Yes, it’s fully operational. This isn’t just a static display, it actually runs.
What the hell is it? It’s a log hauler that was used up until the 1930s to pull huge sleds carrying logs through the woods during the winter. Only about 175 of them were ever built. It could pull up to 300 tons of logs on as many as 25 sleds at a time. I ran across this when I was looking up more info on it-
I can’t even begin to imagine what it must cost to keep that engine repaired and operational. It must be incredibly expensive. I’m very glad they do, though. If it weren’t for people who support the preservation of equipment like this all we’d have are photos. They show it at Wabeno, where its home is, but they also take it out to at least one of these shows a year.
As I said, sometimes it makes me feel very old when I go to these and run across equipment I used to use, like this Massey 44. I used one of these when I was a kid. For a long time it was our primary tractor that did everything from hauling out manure to chopping feed to plowing. And while it may look pretty and make me feel nostalgic, when it comes down to it it was a nasty, nasty tractor to actually use. The front end was too light. Those front wheels would be entirely off the ground as often as not when it was pulling a heavy load. It was difficult to steer. It had mechanical issues. The engine was decent, but ours tended to overheat and the transmission wasn’t very good. And it sucked gas like you wouldn’t believe.
What I like about these shows too is that it gives us a glimpse into what life was like for our not so distant ancestors. Just the simple job of washing clothing was a major operation not that long ago.
Yes, that’s a washing machine being powered by an ancient gasoline engine. And while that engine might be a bit elderly for this setup, washing machines running off gasoline engines was not uncommon in rural areas. You have to remember that a lot of rural areas didn’t get electric service until the 1930s or even later.
On the amateur radio front, I’ve been fiddling with antennas again. Well, sort of. I’m finally getting around to getting the Gap Titan vertical finished and hooked up.
It successfully survived the winds we had during the recent storms. After 60 – 70 MPH winds hit us during those storms I more than half expected to see it laying on the ground when I got up the next morning, but it made it through unscathed. We almost forgot to put guy lines on the thing. If we’d neglected that I’m sure it would have come down.
I got the counterpoise/ground plane installed finally and, well, it takes up a wee bit bigger area than I thought it would. Going to be fun mowing lawn through there. But that area is going to be part of an extension to the existing flower beds anyway so I only have to worry about it for the rest of this season.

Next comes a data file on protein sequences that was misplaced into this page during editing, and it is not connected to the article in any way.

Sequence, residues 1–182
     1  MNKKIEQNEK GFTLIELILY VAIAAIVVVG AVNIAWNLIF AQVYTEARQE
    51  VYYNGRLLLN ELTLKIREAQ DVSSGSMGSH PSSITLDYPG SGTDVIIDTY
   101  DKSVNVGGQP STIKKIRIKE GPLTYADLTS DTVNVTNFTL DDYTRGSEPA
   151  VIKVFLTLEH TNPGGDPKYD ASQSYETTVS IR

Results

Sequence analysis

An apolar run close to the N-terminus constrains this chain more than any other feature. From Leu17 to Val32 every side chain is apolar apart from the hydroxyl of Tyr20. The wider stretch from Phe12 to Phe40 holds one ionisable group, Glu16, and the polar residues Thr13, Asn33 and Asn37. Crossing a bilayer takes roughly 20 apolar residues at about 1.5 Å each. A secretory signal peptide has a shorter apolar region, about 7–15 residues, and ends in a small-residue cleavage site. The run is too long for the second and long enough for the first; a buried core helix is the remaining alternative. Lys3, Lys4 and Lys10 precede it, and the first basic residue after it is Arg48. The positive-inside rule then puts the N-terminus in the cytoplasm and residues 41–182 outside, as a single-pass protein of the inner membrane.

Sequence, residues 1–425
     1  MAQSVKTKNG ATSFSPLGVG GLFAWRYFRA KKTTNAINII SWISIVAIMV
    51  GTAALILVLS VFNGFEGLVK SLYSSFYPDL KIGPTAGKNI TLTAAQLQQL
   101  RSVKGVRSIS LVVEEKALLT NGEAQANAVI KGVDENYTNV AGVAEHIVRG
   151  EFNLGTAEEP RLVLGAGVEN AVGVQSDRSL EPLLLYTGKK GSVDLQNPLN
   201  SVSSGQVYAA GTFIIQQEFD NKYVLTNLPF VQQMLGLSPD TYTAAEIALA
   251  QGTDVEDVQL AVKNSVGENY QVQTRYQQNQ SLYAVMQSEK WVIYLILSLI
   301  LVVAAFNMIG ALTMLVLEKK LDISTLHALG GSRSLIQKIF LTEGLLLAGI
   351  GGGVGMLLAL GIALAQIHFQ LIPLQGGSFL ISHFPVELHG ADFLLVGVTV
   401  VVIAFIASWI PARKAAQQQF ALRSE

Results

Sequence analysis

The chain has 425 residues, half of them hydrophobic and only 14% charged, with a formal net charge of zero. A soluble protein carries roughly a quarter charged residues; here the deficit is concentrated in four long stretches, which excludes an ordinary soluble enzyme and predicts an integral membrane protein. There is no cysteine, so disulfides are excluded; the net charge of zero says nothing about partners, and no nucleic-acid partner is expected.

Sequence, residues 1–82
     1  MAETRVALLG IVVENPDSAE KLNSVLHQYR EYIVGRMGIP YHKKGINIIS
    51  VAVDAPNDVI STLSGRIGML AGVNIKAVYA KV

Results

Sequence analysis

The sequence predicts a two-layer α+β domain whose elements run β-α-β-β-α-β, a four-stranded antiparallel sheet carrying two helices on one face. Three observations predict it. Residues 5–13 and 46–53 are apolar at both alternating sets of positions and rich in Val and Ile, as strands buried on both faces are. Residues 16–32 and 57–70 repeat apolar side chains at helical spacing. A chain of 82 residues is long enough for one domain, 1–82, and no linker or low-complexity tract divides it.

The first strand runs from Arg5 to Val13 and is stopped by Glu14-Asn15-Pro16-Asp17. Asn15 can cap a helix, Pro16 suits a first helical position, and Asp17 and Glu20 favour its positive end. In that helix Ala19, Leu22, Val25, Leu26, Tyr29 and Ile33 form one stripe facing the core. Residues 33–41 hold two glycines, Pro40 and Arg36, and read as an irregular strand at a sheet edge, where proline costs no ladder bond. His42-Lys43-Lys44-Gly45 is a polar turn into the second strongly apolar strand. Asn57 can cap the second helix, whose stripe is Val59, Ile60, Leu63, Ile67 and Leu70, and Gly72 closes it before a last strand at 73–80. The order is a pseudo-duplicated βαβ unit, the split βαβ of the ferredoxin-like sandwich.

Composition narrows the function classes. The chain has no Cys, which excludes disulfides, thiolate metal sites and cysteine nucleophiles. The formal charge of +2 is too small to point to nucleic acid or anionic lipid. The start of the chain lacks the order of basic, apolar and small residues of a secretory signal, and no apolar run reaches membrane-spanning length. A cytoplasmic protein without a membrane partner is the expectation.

And I still don’t have the dopey thing connected. I got started, got all the tools out and began to work on putting the connectors on the coax and… Sigh…
I had the wrong one. I needed a female and only had the male variety, so I either needed a female or an adaptor. Not a big deal, but mildly annoying nevertheless. In any case, I didn’t really like the style connector they sent with the antenna in the first place. Thankfully, Farm and Home, the big hardware store down in Chilton has a big electronics section (used to be a Radio Shack store) and they’ll probably have what I need.
As for the weather – this has been one of the wettest summers I can remember. The lawns should all be brown and dormant from a lack of rain this time of year. Instead they’re all lush and green, as you can see from the photo there. I’ve only had to water the gardens about three or four times all summer long so far. Most summers watering is something we need to do every two days or so.
The rivers and lakes are all abnormally high around here because of all the rainfall.
This is the river down by the old stone bridge the other day. Normally this time of year the river is so low and stagnant that it’s choked with algae and weeds, and so shallow it would hardly be halfway up your shins if you tried to walk through it. It’s a good four feet deep or more, though, and had more than enough current to keep the algae from accumulating.
That’s about it for now. Hopefully by the next time I get around to writing something I’ll have some amateur radio stuff to talk about. I should have that antenna finally set up. I should have the new Yaesu 818ND up and running with the laptop using FT8, JS8Call and PSK.
And hopefully I’ll have made some progress in moving all my equipment down into the basement. MrsGF found a matching set of old, heavy duty tables at St. Vinnie’s that might make good work benches. They’re about 4′ square with heavy duty 4″ square legs. They’re beat up but look solid, and I can get ’em for $5 each, so I’ll go take a look at those on Tuesday.
Still have to make a decision on where the electrical outlets are going to be placed down there, but I didn’t want to do that until I had an idea on where the work benches were going to be, how tall they were, etc. Probably at least 4, four outlet boxes fed with 20 amp circuits, plus at least one 240V outlet for amplifiers. And need to rewire for better lighting. Want to put in LED lights to replace the existing fluorescent tubes that are in there now.